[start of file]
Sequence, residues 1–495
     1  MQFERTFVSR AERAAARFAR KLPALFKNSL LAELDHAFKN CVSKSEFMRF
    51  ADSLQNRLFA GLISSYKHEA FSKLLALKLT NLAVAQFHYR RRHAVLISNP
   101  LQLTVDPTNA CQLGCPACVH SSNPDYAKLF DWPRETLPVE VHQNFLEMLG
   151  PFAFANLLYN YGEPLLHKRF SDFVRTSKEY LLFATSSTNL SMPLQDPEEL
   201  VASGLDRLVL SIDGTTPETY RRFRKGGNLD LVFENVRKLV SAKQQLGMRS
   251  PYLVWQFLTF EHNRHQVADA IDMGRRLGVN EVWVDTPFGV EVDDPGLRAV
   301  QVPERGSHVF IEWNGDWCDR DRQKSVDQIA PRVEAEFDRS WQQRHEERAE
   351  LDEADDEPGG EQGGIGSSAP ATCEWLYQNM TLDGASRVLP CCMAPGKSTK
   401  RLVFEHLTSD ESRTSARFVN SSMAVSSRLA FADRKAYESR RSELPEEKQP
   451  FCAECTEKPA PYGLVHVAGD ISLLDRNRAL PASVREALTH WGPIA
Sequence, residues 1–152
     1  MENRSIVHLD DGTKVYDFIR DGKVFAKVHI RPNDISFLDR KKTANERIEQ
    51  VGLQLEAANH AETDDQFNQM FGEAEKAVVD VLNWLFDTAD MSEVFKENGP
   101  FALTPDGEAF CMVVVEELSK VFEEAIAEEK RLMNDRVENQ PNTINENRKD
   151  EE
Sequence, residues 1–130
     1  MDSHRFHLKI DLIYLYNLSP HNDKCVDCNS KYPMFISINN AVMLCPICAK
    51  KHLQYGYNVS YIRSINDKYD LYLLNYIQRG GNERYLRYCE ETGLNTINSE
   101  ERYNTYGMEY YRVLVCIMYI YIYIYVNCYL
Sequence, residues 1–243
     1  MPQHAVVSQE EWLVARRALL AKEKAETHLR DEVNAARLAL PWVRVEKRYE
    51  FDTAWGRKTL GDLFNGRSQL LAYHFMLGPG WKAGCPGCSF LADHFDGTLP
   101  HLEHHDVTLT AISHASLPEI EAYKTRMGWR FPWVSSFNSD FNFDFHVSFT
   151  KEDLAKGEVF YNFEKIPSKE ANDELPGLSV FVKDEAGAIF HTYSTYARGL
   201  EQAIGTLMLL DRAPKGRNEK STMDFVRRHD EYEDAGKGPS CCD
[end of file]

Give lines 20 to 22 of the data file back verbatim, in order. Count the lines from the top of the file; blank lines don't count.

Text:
   101  ERYNTYGMEY YRVLVCIMYI YIYIYVNCYL
Sequence, residues 1–243
     1  MPQHAVVSQE EWLVARRALL AKEKAETHLR DEVNAARLAL PWVRVEKRYE